1000 years ago: deep in the archives

A thousand years ago our forebears lived in a “dark age.” They themselves did not think it was dark and they were only half wrong…

…Our Western world was unquestionably Catholic, although the Church sanctified relics of pagan practice and the simple made of the faith a mere bargain with the saints for preservation and salvation. The papacy set the worst of examples; it underwent a moral slump not to be matched until the coming of the Borgias. Election to the papal throne was controlled by a clique of Roman nobles and the infamous Marozia, mistress of one pope, mother of another, grandmother of a third. Of her grandson John XII, Edward Gibbon reports: “his rapes of virgins and widows had deterred the female pilgrims from visiting the tomb of St. Peter,lest, in the devout act, they should be violated by his successor. ”

—dedicated to sexually active popes, and John XII tops the list. The only thing that separates Johnny from Caligula is vomitoriums and the fact that John didn’t make a horse a senator. Other than that, his life story could easily have been produced by Hustler and directed by Gore Vidal.
Now, before we begin, let’s review. John got his position by siding with Otto I of Germany, who he then crowned Holy Roman Emperor. Otto had been gone for like five minutes before John decided that Otto now had too much power and began conspiring against him with Otto’s enemies. Unfortunately, Otto intercepted the letters, and marched right back to depose John.
John was summoned to answer charges, but refused to come out of hiding. So all these criminal accusations are coming from a very pissed off king eager to bitch-slap the Pope. Still, some of them are so specific that you can’t help but feel there must be some truth behind them.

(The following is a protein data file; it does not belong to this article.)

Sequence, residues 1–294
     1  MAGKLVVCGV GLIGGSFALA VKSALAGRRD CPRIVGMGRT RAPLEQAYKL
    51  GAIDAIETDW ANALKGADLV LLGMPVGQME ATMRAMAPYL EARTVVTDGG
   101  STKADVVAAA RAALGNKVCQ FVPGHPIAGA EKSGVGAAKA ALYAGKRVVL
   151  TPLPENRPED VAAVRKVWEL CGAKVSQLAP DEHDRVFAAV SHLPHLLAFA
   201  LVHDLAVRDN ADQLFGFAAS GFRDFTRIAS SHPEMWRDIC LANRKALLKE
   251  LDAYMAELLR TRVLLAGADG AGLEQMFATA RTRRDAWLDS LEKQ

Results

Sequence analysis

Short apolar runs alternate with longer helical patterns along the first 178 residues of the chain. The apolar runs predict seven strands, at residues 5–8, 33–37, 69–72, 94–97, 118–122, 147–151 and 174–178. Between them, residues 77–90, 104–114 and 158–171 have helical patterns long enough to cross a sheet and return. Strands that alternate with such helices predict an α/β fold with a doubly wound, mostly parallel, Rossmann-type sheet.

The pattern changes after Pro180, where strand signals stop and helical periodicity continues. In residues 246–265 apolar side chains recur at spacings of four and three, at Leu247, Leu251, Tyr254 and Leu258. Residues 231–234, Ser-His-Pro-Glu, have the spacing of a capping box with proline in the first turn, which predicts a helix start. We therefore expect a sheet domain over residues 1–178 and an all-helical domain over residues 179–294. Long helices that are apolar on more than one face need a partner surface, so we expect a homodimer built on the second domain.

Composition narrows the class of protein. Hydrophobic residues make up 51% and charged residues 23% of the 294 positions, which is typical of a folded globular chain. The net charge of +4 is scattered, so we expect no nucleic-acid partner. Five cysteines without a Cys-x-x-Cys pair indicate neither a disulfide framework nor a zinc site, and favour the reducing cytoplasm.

The Patrologia Latina lists John’s offenses as adultery, rape when the offered adultery was turned down, incest when his sisters also said no, banging his niece, his dad’s girlfriend and as many prostitutes as he could, and the legend goes that to top it all off, he died in bed of a stroke while having it off with a married woman. Oh, and supposedly he castrated a deacon and let him bleed to death.Read More:http://blogs.houstonpress.com/artattack/2012/04/borgias_corrupt_pope.php?page=2

In the year 973 Benedict VI was elected; he was strangled, one year later, by direction of Marozia’s sister. Papal turpitude did not, however, infect the great structure of the Church. At a council of French bishops in 991 the Bishop of Orleans would dare to characterize the papal regime as the coming of Antichrist.

The bishops were mighty men. As feudal lords, administrators of colossal estates ( in Germany as much as a third of the territory), they wielded temporal as well as spiritual power, and they ruled as well as, or better than, their noble peers. At least they were much less likely to go to war.

—Pope Alexander VI (Rodrigo Borgia)
Detail from a Fresco of the Resurrection, painted in 1492 – 1495 by Pinturicchio
The Wikipedia article, “The Bad Popes” follows the list of eight scoundrels, from Russell Chamberlain”s book of the same name:
Pope Stephen VI (896-897), who had his predecessor Pope Formosus exhumed, tried, de-fingered, briefly reburied, and thrown in the Tiber
Pope John XII (937-964), who gave land to a mistress, murdered several people, and was killed by a man who caught him in bed with his wife.
Pope Benedict IX (1032-1044,1045,1047-1048), who “sold” the Papacy…Read More:http://socrates58.blogspot.ca/2007/12/bad-popes-how-many-of-em-were-there-how.html

The spiritual life centered in the monasteries. Some of these, to be sure, settled into a comfortable routine, with a minimum of mortification of the flesh. The monks of Farfa, near Rome, when summoned to reform, rebelled and poisoned their abbot. Even Saint Benedict’s own Monte Cassino was relaxed. A certain Calabrian zealot made a pilgrimage thither. Under its walls he heard from within the sound of a guitar; and he was informed that the monks took regular baths. Shuddering, he returned to his hermitage. ( to be continued)…

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